23 Takeaways from Founding Fuel Live: The Best Business Books of Summer 2024

A conversation with Dr D Subbarao, Dr Dana Sinclair and Harit Nagpal, and D Shivakumar

Founding Fuel

This Founding Fuel Live is based on the theme The Best Business Books of Summer 2024. It is based on D Shivakumar’s curated list—this is an exercise he does twice a year and he's been doing it since 2019.

The panel includes three of the authors featured in his selection this year:

  • Dr D Subbarao, the former Governor of the RBI and author of Just a Mercenary? 
  • Dr Dana Sinclair, a performance psychologist who works with professional athletes and teams, and author of Dialed In
  • Mr Harit Nagpal, CEO of Tata Play, and author of Adapt: To Thrive, Not Just Survive

The conversation was anchored by D Shivakumar, who is a well-respected veteran business leader and currently the operating partner at Advent International.

23 Takeaways

1. The ability to transform, to change, and to pick up new things and move forward is a common theme in this year’s selection.

2. “The world and its ways of changing come from very different angles—from a personal angle from Dr Sinclair, a professional and bureaucratic stance from Dr Subbarao and a corporate stance by Harit.” - Shivakumar

3. If you don't read you'll become irrelevant very fast. Read as much as you can. That's the only way you can ensure a long and relevant career.

4. Why they wrote these books:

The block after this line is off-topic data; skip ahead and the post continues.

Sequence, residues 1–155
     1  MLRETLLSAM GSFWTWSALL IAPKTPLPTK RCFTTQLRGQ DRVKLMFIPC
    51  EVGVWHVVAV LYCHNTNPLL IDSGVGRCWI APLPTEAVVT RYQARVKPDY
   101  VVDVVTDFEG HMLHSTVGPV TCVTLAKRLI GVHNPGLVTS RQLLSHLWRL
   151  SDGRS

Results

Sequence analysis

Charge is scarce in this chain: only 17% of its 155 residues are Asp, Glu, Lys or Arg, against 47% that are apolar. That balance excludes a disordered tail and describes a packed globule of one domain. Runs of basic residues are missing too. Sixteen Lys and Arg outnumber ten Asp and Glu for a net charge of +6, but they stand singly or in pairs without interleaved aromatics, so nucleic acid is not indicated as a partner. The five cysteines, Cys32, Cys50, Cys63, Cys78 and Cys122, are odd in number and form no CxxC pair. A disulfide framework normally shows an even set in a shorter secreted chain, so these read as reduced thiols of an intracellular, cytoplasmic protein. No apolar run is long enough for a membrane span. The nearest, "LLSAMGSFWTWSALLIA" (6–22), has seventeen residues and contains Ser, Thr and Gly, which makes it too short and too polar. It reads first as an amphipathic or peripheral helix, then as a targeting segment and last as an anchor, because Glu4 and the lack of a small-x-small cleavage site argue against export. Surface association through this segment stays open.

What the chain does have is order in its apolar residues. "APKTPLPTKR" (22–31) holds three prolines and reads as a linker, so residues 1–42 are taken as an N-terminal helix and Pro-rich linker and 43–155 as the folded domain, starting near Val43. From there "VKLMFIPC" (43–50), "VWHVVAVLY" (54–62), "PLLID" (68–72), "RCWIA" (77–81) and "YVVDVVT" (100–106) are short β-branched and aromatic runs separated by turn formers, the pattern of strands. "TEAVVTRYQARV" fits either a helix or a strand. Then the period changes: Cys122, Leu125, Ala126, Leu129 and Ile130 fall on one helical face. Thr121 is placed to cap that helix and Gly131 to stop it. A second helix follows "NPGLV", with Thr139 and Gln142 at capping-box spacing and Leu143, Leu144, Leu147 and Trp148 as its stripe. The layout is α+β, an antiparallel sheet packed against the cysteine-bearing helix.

Dr Sinclair: “After all my years of working with my clients, I wanted everybody to know how they can perform under pressure. Regardless of who you are or what you do, there are strategies to be better.”

Dr Subbarao: “The title of my book is “Just a Mercenary?”… Whatever assignment I had, I tried to do my best. But a question that always runs in my mind is what motivated me? Was I doing my best just because I was getting paid for it, doing out of a sense of duty? Or was I motivated by a higher calling?” 

Mr Nagpal: “A person like me or you, who worked for about four decades in the industry—we've seen change like nobody else has seen before us or probably will see after us… We've seen the internet come in, email, search engines, and now we are looking at the advent of artificial intelligence…. adapting to these disruptions was key and you can't even predict what the next disruptions are going to be.” 

5. “The moment that you want something, you need something, that's when we feel pressure and that's when people can get distracted and not perform as they should or as they can… It could be a sporting event, an interview, a negotiation or leading a tough project…. We all talk about grit and perseverance, but nobody tells you how do I get that to happen for me in my life in these tough moments. It's all about being able to perform under pressure.” - Dr Sinclair

6. “The management mantra is multitasking, doing a number of things at the same time. But I still find that doing one thing at a time is the best thing to do…. Whatever you're doing, do it with complete dedication and sincerity as if it's the only thing that you have to do. Eat while you have to eat; study where you study; play where you have to play; sleep when you have to sleep.” – Dr Subbarao

7. “Make your bed first thing in the morning. It gives you an enormous sense of accomplishment and motivation. And when you return at night, whether you had a good day or bad day, seeing your bed made can be a blessing.” - Dr Subbarao